But proponents of revised FDA regulations say they will make it easier to approach formulary committees with medical evidence about off-label uses and potentially lower drug costs by reducing drugmakers’ research and development spending (provided the pharmacy benefit managers pass along those savings).
Any communication a drugmaker or its reps engage in about off-label uses must be “truthful and non-misleading,” according to the FDA. The meaning of that phrase may be undergoing some alterations.
The Caronia ruling might have a “chilling effect” on the FDA’s enforcement of off-label regulations, says Michael S. Sinha, MD, of the Program on Regulation, Therapeutics, and Law at Brigham and Women’s Hospital in Boston.
Drug manufacturers’ First Amendment right to provide “truthful and non-misleading” information was the key to court challenges of the FDA’s authority. In United States v. Caronia, the federal appeals court rejected the FDA’s effort to essentially criminalize accurate speech about off-label uses. A few years later, Amarin Pharmaceuticals took the FDA to court, claiming the agency was preventing it from communicating “truthful and non-misleading” information about its drug, Vascepa, for lowering triglycerides. Amarin won a preliminary injunction based on court-sanctioned promotional language.
The Caronia ruling, however, lacks national scope and is applicable only in the region covered by the Second Circuit Court of Appeals says Michael S. Sinha, MD, a postdoctoral fellow in the Program on Regulation, Therapeutics, and Law at Brigham and Women’s Hospital in Boston. “However, it did show that at least one appellate court was convinced to expand commercial speech rights to cover off-label marketing rules.” He adds that the ruling may have had a “chilling effect” on the FDA’s enforcement of off-label regulations.
Essentially, says Pitts, the court ruled in both the Caronia and Amarin cases that the FDA could not prohibit the sharing of “truthful non-misleading” information, “which was really quite earth shattering from a regulatory perspective.” However, without more explicit regulations, those rulings amount to regulation by lawsuit.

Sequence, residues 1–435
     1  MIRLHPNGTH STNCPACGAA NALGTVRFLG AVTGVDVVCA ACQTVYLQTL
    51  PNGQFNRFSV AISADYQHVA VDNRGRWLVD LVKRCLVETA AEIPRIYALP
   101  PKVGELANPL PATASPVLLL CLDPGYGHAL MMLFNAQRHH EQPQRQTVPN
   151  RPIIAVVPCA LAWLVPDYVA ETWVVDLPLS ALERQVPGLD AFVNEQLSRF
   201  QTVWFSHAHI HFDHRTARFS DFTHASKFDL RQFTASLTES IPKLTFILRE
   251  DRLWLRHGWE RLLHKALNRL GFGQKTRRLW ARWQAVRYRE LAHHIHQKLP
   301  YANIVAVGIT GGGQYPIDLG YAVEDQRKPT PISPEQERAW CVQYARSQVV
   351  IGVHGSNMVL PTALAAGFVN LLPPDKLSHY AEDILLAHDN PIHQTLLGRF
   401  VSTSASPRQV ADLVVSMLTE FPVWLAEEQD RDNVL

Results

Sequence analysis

Until the FDA rolls out new rules regarding how drugmakers can pitch their products, expect the agency to take a more casual approach to enforcement, says Peter Pitts of the Center for Medicine in the Public Interest.
The Pharmaceutical Research and Manufacturers Association (PhRMA) and the Biotechnology Innovation Organization (BIO) released joint guidelines in 2016 titled “Principles on Responsible Sharing of Truthful and Non-Misleading Information about Medicines with Health Care Professionals and Payers.” The document spells out scenarios for sharing information with physicians on a personal level and with pharmacy benefit managers on a higher level.
PhRMA itself would like to see more explicit FDA regulations. “A regulatory framework that allows biopharmaceutical manufacturers to responsibly share such information is essential to fostering innovative approaches such as value-based arrangements and other efforts to improve patient care,” says PhRMA public affairs director Andrew Powaleny. The PhRMA–BIO principles would do that, he says.
In an editorial he coauthored in May for the online journal PLOS Medicine, Sinha noted revised regulations need to define beneficial off-label uses versus those that lack evidence.
That’s a tall task for the agency. “The FDA certainly isn’t staffed up to do that,” Pitts says. A panel that former FDA Commissioner Mark McClellan led at the Duke-Margolis Center for Health Policy recommended that the FDA and the pharmaceutical industry create a third-party entity of some kind to do that work.
That work would include figuring out what exactly “truthful non-misleading” means. “One of the important things when talking about the sharing of good versus bad information is, who decides what is truthful, accurate, and non-misleading and in what context?” Pitts says.
That can be difficult when it comes to medications—and many, many other things.